But you can (and probably should) adjust your life so that the motivation you currently have isn’t wasted on the wrong things. By wrong things, I mean anything you don’t really care a thing about – but is nevertheless consuming your thoughts and ultimately your days.

These are motivation-suckers, and you can conscientiously cut those out of your life. But you do have to do it on purpose, with the purpose of taking control of your creative energy.

How to cut-out Creative Energy Zappers.

Both Albert Einstein and Steve Jobs decided conscientiously to wear the same clothes on certain days. It was something they each planned, in order to never waste any creative energy on what they were going to wear.

If you’re a clotheshorse, this won’t work for you. But I can recall working at a job where I had a uniform. I loved it. Not the job, but knowing that what I was going to wear wasn’t even a question. That part was great and I really was extremely prolific during those days, even though I was physically exhausted. Makes me wonder, it really does.

  • You might decide to cut out ironing from your house chores. Forever. (I did. If it must be ironed, I don’t own it.)
  • You might decide to cut out driving and take the train instead – so you can think, write, read, listen to music, not be angry at all the idiot drivers (because that zaps considerable energy!), etc.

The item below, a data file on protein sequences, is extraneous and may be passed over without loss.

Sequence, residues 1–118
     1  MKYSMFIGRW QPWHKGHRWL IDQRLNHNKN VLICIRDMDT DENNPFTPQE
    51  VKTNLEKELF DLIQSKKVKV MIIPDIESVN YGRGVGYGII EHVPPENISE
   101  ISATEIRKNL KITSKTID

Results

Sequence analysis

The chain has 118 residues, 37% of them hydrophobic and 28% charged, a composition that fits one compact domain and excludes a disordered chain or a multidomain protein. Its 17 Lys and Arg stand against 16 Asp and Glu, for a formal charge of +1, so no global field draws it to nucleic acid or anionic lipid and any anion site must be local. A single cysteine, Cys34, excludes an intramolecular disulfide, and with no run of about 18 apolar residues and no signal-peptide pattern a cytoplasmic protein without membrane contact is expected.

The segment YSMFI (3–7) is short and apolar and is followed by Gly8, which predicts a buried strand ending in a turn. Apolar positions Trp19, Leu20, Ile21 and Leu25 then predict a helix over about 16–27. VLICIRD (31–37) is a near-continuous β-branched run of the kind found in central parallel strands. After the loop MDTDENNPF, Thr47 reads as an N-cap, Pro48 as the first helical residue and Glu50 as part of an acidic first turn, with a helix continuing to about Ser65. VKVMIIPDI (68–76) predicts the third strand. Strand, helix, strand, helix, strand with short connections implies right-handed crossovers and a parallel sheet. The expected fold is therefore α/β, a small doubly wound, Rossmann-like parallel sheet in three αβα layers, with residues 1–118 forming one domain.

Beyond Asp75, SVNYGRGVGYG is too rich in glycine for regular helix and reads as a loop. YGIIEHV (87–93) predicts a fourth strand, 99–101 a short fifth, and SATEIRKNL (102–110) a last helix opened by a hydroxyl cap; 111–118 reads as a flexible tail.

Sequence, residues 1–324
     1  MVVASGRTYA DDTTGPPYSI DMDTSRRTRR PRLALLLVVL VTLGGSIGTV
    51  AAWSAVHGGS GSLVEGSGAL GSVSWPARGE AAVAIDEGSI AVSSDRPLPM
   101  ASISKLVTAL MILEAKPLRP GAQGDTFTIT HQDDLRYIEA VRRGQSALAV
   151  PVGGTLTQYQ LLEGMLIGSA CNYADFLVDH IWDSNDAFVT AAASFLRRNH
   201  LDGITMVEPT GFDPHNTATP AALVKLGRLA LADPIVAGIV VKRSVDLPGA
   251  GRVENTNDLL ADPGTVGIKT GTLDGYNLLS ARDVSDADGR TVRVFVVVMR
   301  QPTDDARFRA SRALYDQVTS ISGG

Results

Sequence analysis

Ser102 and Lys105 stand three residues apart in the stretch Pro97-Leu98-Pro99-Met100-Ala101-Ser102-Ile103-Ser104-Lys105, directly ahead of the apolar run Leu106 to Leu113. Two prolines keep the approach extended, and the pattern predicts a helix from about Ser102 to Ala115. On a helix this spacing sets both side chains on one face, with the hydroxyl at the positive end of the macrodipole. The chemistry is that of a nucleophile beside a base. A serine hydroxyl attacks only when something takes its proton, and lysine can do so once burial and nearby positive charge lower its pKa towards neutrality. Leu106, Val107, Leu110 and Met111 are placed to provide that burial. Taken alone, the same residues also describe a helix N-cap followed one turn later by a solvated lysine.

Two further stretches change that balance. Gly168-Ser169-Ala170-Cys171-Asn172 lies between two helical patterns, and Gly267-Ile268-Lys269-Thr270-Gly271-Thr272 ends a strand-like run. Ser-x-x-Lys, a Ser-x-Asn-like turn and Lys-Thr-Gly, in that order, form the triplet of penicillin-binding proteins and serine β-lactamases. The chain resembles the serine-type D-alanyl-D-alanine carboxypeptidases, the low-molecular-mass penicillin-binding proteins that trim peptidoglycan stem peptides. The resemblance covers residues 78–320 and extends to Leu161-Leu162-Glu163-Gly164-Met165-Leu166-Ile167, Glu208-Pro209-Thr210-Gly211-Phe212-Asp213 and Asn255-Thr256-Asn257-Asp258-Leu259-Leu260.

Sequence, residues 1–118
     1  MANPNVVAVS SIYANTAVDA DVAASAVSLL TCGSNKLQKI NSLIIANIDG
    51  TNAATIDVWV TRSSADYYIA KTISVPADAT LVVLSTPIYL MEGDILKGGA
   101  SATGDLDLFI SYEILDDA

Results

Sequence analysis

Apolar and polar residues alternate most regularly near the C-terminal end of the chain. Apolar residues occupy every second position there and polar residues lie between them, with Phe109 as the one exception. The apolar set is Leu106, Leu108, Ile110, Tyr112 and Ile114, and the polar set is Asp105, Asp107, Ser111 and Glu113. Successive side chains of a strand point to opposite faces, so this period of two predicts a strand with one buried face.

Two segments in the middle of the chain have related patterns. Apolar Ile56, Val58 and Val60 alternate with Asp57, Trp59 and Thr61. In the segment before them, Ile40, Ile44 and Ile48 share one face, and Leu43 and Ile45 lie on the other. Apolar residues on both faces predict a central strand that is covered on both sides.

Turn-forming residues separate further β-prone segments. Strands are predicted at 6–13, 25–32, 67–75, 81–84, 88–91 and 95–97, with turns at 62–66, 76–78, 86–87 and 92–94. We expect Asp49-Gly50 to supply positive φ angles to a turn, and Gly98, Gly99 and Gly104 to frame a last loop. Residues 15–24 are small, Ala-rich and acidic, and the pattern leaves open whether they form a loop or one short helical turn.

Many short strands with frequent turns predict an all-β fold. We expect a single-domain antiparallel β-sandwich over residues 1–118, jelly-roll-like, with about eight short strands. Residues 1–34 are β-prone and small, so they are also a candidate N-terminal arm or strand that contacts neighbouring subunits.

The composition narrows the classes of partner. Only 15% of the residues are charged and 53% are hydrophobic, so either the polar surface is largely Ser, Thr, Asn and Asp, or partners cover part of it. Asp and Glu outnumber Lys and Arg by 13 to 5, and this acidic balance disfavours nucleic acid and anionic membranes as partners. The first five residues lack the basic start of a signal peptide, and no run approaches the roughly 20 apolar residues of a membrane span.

• You might go on more walks. (Studies show that walking - actually, any physical exercise - helps free the mind, and even activate it.)

How to get more creative energy: specific steps.

So you can cut-out the stuff that drives you nuts and away from being creative. But what can you do to juice up even more? Here’s a list to get you going:

  • Go to the nearest park (or shopping area) and draw as many people as you can. (Just scribble.)
  • Go to an art supply shop. Drool. (I know I always do!)
  • Give your creativity restrictions. Try a random restriction, like Dr. Seuss did when he wrote Green Eggs and Ham on a dare. Write a story using only 50 words. Random and fun.
  • Have a cultural experience. A study shows (actually, many studies show this to be true) that exposure to other cultures boosts creativity.
  • Write a letter (on really nice paper) to someone. Maybe include a sketch.
  • Record your latest dream or a recurring dream.
  • Do something romantic. There’s even a study that suggests doing something romantic (specifically) will actually increase your creativity.
  • My Favorite: Write for 15 minutes complete garbage - just whatever pops into your head. This will allow you to really clear your thoughts of the stuff that bogs you down, and you’ll feel lighter, ready to tackle the things you want to do. You might even make this a daily habit.

What is it you’re willing to trade out?

What will you drop from your life in order to get more creative? Write below, let everyone know – I’m sure we can all use some great ideas!

Keep creating, no matter what.

 


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This entry is part of the series
Creative Exercises
Be sure to check out the other posts:
<< Perspective Creative ExerciseHow to Overcome Depression and Write Again >>
Chazda Albright

Chazda Albright

L. K. Chazda Albright is the co-founder of Great Storybook and does so with a passion for writing and illustrating stories and getting to know other creative people. Come and get to know her! Chazda is currently developing several projects, including an urban fantasy MG novel, a new musical production for kids about Polemics, and a book marketing checklist for authors.
Chazda Albright